January 27, 2011

Listen More Than You Talk For Better Meetings

If you listen more than you talk, you just may find out how to win the deal.

This was the biggest takeaway I got from my days as Chief Solutions Officer at Yahoo, working on some of the companies biggest sales opportunities.  Normally, most sales calls or networking meetings are all about the presentation - your spiel.   You have an agenda, answers to all potential objections and some ideas on next steps.  

Usually, the sales executive shows a power point deck, which takes up three quarters of the allotted meeting time.  Sometimes the slides are customized to address the prospect's needs, other times they are canned.  Even when there's no formal presentation, the conversation is heavily weighted towards the sales person, not the audience.  After all, it's in our sales-DNA, sell-sell-sell!  

I reversed this approach, in order to gain valuable insight from prospects that could give us a leg-up on competitors that were just trying to 'sell stuff.'   We had a goal: only talk 40% of the meeting and use the rest to listen, record and brainstorm.  Meeting dynamics changed, as we became more consultative and prospects became more open with us.  In the end, we succeeded beyond our wildest dreams, securing several deca-million dollars deals in 2001 and 2002.  Here's how you can listen more than you talk: 

1 - Don't make a presentation until the end, and treat it like a TED talk (18 minutes, timed).  Open the conversation with questions that either help you discover value opportunities or spur your prospect's imagination.  For example, during a high level pitch to HP, I asked a senior executive to imagine that they just bought Yahoo!, and her assignment was to integrate our most valuable parts into their company.  "If you owned Yahoo," I asked, "what would you do with us?" She outlined a few quick ideas, some branding placements and others pure technology integrations (eg. Business Instant Messenger, Printer refill levels on Yahoo Maps, etc.)  In the end, her laundry list of ideas were poured into a pretty big strategic deal.  That's the value of having a conversation. 

2 - Measure your word count.  I asked prospects and partners if it would be OK to record the meeting, and have a transcription service (like On-Sitemedia) turn it into a Word doc.  That way, we won't miss any details and both parties have a better understanding of what we are talking about.  Most of them were happy to allow this.  When I received the Word document back, we were able to calculate word count (our stuff in black, their words in red).  Then, it was easy to see exactly how much we were talking vs listening.  The more we did this, the lower our word count got (and the higher our sales became.)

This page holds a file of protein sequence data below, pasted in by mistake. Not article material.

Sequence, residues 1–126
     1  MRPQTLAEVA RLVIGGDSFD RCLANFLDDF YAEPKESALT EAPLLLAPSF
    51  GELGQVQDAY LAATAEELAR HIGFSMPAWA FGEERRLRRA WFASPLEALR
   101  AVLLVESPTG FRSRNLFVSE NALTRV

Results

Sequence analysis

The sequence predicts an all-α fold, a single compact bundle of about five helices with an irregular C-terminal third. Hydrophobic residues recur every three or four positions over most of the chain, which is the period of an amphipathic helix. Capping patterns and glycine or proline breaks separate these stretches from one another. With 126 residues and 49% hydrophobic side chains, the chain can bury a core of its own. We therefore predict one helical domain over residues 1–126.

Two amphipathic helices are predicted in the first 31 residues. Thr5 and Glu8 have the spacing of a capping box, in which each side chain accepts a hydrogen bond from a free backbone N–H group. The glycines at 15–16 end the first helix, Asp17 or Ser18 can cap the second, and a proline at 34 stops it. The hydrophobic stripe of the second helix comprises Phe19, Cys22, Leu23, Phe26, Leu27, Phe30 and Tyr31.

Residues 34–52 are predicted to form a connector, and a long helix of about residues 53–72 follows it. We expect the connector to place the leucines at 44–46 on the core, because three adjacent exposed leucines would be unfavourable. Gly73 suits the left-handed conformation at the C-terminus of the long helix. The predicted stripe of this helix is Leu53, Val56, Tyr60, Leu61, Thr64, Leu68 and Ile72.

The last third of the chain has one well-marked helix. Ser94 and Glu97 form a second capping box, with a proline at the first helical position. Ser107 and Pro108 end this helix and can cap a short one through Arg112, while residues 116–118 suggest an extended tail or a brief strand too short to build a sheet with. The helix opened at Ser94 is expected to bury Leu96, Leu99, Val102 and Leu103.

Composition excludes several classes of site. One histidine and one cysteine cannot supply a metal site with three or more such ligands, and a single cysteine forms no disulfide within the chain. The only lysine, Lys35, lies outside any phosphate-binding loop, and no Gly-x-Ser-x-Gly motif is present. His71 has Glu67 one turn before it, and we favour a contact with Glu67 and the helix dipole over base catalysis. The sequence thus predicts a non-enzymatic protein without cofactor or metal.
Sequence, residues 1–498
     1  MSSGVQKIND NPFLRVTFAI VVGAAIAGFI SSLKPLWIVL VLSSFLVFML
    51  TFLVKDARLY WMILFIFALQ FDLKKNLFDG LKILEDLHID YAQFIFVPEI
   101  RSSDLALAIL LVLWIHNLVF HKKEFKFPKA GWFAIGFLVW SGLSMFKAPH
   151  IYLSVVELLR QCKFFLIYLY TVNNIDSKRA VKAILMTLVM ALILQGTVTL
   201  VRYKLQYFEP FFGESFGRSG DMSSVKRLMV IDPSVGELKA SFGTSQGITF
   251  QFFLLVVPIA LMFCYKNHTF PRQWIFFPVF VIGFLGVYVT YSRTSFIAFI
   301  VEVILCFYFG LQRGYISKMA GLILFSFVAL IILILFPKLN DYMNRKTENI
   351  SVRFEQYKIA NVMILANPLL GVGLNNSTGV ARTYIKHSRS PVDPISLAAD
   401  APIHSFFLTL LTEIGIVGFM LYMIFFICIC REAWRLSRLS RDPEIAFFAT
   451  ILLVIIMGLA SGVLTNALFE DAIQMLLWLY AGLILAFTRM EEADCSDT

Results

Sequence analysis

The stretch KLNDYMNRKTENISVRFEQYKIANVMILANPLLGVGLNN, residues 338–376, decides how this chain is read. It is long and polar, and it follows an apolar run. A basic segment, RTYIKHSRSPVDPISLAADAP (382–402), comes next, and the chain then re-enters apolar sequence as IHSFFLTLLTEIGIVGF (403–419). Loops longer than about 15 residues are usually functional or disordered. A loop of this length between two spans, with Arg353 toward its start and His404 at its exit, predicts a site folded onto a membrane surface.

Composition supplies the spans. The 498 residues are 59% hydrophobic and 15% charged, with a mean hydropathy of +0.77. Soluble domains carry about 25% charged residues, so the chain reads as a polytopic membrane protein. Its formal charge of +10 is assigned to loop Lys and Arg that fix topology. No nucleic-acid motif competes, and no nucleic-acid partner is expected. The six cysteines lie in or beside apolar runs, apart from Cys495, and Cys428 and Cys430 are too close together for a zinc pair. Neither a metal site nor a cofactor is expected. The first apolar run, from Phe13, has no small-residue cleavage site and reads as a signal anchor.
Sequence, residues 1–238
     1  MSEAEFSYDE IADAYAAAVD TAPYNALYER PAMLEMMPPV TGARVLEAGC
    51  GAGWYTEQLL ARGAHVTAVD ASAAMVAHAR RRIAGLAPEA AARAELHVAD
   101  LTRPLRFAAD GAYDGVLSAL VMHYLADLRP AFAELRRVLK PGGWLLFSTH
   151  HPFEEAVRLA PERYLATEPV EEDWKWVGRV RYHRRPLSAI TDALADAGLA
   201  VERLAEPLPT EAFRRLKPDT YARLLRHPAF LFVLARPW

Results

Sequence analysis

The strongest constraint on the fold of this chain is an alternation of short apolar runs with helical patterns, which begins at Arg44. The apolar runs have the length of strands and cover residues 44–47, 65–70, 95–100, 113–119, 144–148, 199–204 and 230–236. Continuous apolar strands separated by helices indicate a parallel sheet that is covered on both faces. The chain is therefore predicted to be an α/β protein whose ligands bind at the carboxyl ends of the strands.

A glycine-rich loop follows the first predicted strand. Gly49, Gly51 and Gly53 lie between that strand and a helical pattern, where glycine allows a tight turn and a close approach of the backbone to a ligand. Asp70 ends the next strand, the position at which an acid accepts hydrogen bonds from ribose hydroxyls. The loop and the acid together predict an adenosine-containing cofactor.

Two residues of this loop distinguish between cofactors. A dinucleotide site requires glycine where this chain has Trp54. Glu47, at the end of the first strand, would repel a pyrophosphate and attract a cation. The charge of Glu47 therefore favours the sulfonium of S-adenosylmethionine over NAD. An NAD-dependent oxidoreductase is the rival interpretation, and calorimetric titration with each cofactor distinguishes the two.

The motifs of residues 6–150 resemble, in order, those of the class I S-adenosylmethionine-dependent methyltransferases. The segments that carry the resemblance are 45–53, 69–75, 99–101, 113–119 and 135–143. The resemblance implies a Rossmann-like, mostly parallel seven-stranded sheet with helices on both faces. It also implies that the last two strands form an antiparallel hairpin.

3 - Under-answer questions.  Don't launch a multi-point ten minute speech when answering a common question or objection.  Pick your greatest hit and deliver it in about 60-90 seconds.  Then ask a question to get them talking.  

4 - Insert pregnant pauses.  Our tendency is to rush in when someone's just finishing up a question or comment to provide our answers.  That's not how to do it.  Great interviewers know that you should always leave an uncomfortable pregnant pause after a guest's answer or question.  Why?  Your conversational partner will feel uncomfortable with the silence, and fill it with more content.  Most of what people say or ask is heavily scripted to keep the 'cards close to the vest'.  But, as we learned with Frost-Nixon, when you are filling dead air (pregnant pause), you come off script and the truth spills out.  Some of the juiciest sales intelligence I ever gathered happened when I waited out the prospect after he/she gave me a pat answer. 

5 - Read a new book on the subject.  Of course, that's my prescription to most performance improvements.  Read, learn, innovate and experiment.  There's a brand new book out, cued up next on my Kindle for consumption: Talk Less Say More: Three Habits To Influence Others And Make Things Happen by Connie Dieken.  




Excellent analysis on the ears an mouth thing. Completely logical, when a meeting is all about listening to each others ideas; the discussion comes after.


I humbly submit proverbs 10:19, proverbs 18:13, James 1:19-20 and grandpa ," God gave u 2 ears & 1 mouth for a reason..."


Phil ... Elaine ...

Both great additions to this post. Heard them both before and LOVE their simple wisdom.




I was always told that you were given two ears and one mouth - use them in the same proportion. Don't always put that in to practice - but I try...


Excellent! I always used the slogan, "If you want to sell, ASK, don't TELL!"

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